At some point in the auction, the captain knows all that is needed to be known about servant's hand and the captain places the final contract. The strong hand may also "break the relay chain" by making some bid other than the next higher bid, which typically starts natural bidding. Opener's minimum strength is indicated by how many relay bids were made (the more relays made, the stronger the hand), and that would force the auction to a particular level.

The result of a relay sequence is that a great deal of information is known about one hand but virtually nothing is known about the other hand.

Why are relay systems not allowed? Probably due to their rarity, players' unfamiliarity in dealing with them, the amount of time that would have to be expended to properly explain them, and, in general, most players' dislike of such methods. Furthermore, given the time constrains on most events (typically pair events), the fact that one pair that was one of the earliest practitioners of these methods - Rubin-Granovetter - was known for taking exceedingly long periods of time to conduct their relay auctions, did not endear themselves to tournament officials. I believe that they were suspended for a period of time due to continued slow play in major events.

Even the best players who play relay methods have to acknowledge that there is a great deal of memory strain in using such methods, as the answers to relays are not intuitive. They have to be memorized, and many responses do not come up often enough to be easily remembered. This causes delays in auctions and slow play. It can also create problems when errors are made or incorrect explanations are given.


There are many errors in Art's post. Relay bids do not need to be difficult or memory intensive in a well designed relay system. Clearly Art has never looked at Symmetric relay.
Relay players do not need to bid slowly either. Some relay players bid very quickly. Rubin-Granovetter are very slow anyway.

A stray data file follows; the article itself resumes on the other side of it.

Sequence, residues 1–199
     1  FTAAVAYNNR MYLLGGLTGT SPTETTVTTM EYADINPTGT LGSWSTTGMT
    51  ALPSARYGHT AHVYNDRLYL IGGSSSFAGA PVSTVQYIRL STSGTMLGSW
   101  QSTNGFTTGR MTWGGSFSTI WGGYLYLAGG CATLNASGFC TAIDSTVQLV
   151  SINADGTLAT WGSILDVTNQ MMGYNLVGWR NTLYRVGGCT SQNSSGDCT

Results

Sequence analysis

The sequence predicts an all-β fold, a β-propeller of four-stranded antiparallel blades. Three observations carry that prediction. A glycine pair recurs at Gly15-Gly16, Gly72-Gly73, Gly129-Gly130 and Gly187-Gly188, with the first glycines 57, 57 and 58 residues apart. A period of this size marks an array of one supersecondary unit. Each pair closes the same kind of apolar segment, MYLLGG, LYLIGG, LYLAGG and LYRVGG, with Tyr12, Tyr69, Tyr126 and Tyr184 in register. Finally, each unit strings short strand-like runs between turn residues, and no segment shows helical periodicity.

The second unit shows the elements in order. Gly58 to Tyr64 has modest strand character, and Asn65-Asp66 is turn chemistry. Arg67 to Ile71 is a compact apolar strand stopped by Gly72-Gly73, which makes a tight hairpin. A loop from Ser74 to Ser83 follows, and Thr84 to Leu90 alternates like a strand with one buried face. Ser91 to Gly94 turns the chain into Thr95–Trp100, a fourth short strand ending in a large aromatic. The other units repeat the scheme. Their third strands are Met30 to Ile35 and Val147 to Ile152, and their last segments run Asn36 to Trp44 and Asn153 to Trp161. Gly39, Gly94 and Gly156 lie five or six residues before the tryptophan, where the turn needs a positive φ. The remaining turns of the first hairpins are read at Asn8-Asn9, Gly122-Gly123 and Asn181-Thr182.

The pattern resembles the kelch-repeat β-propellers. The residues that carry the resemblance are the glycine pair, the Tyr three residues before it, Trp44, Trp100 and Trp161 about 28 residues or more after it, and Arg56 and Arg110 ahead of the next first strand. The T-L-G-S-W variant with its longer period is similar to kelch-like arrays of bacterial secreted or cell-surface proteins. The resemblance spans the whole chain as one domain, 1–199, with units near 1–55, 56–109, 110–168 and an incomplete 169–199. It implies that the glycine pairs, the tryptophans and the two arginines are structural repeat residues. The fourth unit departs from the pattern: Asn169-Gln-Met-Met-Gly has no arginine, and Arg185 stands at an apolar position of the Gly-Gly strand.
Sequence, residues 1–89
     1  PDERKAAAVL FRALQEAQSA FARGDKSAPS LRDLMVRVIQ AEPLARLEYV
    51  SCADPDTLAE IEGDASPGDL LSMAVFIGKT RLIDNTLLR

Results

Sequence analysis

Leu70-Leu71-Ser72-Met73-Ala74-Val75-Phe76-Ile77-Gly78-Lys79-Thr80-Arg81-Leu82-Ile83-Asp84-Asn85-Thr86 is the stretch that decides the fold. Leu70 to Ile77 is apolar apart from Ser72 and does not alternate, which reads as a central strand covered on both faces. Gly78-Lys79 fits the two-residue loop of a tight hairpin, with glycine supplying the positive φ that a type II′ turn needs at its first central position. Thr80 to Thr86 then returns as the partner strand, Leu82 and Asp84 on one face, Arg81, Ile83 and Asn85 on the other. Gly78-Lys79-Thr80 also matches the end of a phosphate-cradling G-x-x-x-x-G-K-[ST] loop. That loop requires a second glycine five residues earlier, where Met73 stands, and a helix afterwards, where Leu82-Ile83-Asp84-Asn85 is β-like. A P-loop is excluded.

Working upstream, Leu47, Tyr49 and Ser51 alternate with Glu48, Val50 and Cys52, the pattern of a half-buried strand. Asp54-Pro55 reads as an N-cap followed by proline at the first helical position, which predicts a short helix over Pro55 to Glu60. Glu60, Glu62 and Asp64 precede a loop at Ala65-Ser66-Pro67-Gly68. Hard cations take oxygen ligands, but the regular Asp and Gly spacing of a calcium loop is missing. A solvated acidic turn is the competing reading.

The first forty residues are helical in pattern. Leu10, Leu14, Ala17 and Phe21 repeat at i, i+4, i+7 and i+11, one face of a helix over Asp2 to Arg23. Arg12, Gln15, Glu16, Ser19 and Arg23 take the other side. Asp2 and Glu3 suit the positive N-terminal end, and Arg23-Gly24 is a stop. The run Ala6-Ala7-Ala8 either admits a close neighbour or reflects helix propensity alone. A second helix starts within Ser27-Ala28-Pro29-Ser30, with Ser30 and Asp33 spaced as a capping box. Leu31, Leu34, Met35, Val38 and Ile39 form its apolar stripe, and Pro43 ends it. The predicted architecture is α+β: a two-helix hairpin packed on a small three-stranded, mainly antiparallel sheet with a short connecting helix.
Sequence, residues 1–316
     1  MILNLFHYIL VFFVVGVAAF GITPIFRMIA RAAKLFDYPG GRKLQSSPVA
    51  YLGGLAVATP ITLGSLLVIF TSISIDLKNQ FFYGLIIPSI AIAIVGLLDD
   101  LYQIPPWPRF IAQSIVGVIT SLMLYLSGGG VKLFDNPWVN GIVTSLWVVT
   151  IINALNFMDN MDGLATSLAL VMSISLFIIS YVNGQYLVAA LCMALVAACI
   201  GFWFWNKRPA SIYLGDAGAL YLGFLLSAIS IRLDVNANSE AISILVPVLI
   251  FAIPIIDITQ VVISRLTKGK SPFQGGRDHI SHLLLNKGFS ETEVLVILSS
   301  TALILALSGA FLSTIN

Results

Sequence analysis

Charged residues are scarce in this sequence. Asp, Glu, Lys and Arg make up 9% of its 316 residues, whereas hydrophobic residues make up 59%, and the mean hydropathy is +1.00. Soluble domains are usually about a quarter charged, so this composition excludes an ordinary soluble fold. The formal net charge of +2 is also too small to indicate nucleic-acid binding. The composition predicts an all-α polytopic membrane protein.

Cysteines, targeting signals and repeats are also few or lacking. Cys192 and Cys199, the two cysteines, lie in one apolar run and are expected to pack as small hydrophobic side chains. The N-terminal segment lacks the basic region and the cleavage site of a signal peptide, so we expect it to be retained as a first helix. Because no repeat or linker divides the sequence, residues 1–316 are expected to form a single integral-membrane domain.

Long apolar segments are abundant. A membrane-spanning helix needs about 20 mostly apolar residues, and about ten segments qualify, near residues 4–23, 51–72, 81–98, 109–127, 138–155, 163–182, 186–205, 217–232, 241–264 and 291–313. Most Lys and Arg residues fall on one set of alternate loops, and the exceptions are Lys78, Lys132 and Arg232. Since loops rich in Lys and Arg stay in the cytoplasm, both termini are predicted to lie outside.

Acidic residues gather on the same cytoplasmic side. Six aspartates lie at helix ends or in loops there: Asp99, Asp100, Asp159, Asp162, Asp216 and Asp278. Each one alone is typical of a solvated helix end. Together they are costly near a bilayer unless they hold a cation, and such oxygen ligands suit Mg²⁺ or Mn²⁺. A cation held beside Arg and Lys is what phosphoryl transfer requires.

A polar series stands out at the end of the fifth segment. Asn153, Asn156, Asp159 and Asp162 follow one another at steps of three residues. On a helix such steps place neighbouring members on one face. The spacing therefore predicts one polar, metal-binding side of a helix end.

Only old farts object to relay systems. They hold interest for younger players and those who are interested in developments in the game.
"The King of Hearts a broadsword bears, the Queen of Hearts a rose." W. H. Auden.
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#63 User is online   awm 

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Posted 2013-March-08, 21:59

The sort of interesting one is that 1NT forcing "cannot be part of a relay system." This would seem to suggest that a sequence like:

1 (natural) - 1NT (forcing)
2 (several hand types) - 2 (tell me more)

would be illegal on the general chart (and perhaps even the mid-chart since 2 is not GF). This seems to apply to Gazzilli and probably some other methods like Bart as well.

On the other hand, the same basic sequence:

1 (natural) - 1NT (semi-forcing)
2 (several hand types) - 2 (tell me more)

would seem to be allowed. After all, the NF 1NT call cannot reasonably be considered a relay, and there is no particular prohibition against 1NT (natural NF) being possibly the start of relays.

Another funny and fairly commonly-played one:

1 (natural) - 1NT (forcing)
2 (natural reverse) - 2NT (please pattern out)

would also seem to be illegal!

In practice I think all of the above sequences would be allowed by virtually all ACBL directors. Just more evidence that the rules aren't all that clearly written.
Adam W. Meyerson
a.k.a. Appeal Without Merit